Total Articles: 20
Nexsen Pruet • April 27, 2017
Employers are familiar with the importance of documenting performance problems. Performance documentation is a critical part of managing employees, providing feedback, and creating a record for promotion or position changes, changes in pay, schedule changes, and layoffs. An accurate record of performance problems greatly assists employers (and their counsel) in defending decisions to take disciplinary action based on poor performance when that employee later complains that a decision was unfair, illegal, or discriminatory. However, an employer’s human resources representative is not usually on the front lines of this task. Busy supervisors are the ones typically responsible for documenting employee performance issues and providing feedback.
Knowledge@Wharton (Reg Required) • September 20, 2016
When it comes to workplace events that produce resentment and anxiety, few score higher than the big annual performance review.
Knowledge@Wharton (Reg Required) • May 24, 2016
Wharton management professor Peter Cappelli has spent decades studying the complicated dynamics of employment. In a post-recession world, his research is more timely than ever as companies large and small struggle to adapt to a new normal that relies on fewer employees handling a larger, shifting workload.
Goldberg Segalla LLP • February 10, 2016
Performance reviews are a necessary step in the path to ensuring a team of productive employees. However, as illustrated by a series of recent lawsuits filed by Yahoo employees against the internet giant, performance reviews are not without risks to the employers who administer them. In one such suit, an employee alleges that he and approximately 600 other Yahoo employees were unfairly fired based upon an allegedly unfair performance evaluation system, and were terminated without the notice required by federal and state laws, including the Worker Adjustment and Retraining Notification Act (WARN).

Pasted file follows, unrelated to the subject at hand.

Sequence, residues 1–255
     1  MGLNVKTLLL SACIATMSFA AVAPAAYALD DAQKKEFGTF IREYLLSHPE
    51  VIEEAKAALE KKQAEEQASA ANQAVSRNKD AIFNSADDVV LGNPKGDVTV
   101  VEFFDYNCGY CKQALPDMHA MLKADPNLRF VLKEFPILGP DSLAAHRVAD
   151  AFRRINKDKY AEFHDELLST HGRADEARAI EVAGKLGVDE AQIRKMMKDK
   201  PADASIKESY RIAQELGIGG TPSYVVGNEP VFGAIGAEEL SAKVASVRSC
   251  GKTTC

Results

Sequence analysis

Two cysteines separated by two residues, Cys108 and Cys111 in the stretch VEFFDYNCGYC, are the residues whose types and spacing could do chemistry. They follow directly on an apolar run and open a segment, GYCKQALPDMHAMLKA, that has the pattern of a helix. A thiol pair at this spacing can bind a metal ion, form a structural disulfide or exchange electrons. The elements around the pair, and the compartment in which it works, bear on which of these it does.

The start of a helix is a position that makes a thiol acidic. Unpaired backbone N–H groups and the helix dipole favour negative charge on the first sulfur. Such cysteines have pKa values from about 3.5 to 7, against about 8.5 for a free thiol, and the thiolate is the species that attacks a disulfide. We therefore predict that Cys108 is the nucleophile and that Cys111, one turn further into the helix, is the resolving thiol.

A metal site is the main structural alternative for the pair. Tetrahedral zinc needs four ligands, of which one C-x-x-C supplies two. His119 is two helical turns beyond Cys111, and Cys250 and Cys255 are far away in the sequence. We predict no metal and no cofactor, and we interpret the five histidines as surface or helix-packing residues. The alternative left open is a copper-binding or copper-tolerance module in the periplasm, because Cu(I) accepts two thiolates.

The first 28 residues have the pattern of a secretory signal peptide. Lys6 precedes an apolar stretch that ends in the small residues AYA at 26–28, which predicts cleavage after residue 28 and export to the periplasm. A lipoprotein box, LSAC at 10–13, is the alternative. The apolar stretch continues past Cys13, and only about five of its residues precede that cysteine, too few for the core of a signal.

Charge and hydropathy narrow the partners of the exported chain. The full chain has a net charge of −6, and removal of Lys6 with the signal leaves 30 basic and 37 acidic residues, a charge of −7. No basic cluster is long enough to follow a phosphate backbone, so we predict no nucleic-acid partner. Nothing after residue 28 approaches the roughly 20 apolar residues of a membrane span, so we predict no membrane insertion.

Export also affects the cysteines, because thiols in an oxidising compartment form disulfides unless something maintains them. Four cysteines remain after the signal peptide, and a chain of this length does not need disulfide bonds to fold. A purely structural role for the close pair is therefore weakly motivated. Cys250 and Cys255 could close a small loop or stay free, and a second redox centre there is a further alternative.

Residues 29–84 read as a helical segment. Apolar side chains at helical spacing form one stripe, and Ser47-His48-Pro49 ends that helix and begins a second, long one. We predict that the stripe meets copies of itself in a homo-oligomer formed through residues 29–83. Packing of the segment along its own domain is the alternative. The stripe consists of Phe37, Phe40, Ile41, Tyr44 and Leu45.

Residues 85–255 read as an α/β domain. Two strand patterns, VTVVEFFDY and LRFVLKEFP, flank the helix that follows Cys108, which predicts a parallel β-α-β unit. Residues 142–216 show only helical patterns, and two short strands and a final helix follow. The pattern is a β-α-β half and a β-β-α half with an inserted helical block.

XpertHR • December 18, 2015
Whether your organization is ready to engage in annual performance reviews or it has long since blasted those into the next galaxy, the Star Wars franchise provides us an excellent opportunity to review a character’s performance and consider, “Was the Force truly with them?”
XpertHR • November 10, 2015
Performance reviews done well can provide critical feedback. But some experts say they should be scrapped altogether. On this podcast, XpertHR Legal Editor Marta Moakley discusses this increasingly hot-button issue.
XpertHR • October 20, 2015
The Social Security Administration (SSA) has announced that the Social Security taxable wage base will not be adjusted for inflation and will remain $118,500 for 2016. Because the national Consumer Price Index (CPI), on which the annual cost-of-living adjustment (COLA) is based, has not risen since the last COLA adjustment in 2015, other changes that usually occur based on changes in the CPI will also not take effect on January 1, 2016.
Fisher Phillips • October 01, 2015
During a recent reality television segment, a well-known NFL quarterback accompanied an equally well-known outdoor survivalist on a wilderness trek during which the quarterback dispatched a 6-foot alligator. After vanquishing the gator, the quarterback hauled it over his shoulders and headed to the campfire to roast his prize. The obviously expired gator’s tail was seen to intermittently flick on its own—its central nervous system randomly signaling tail muscles to twitch though no longer with a reasoned purpose.
Ogletree Deakins • July 29, 2015
Is the annual performance review a value-added event for employees . . . or is it an anxiety-generating mechanism that could be eliminated without the loss of any forward momentum to a company?
Ogletree Deakins • July 23, 2015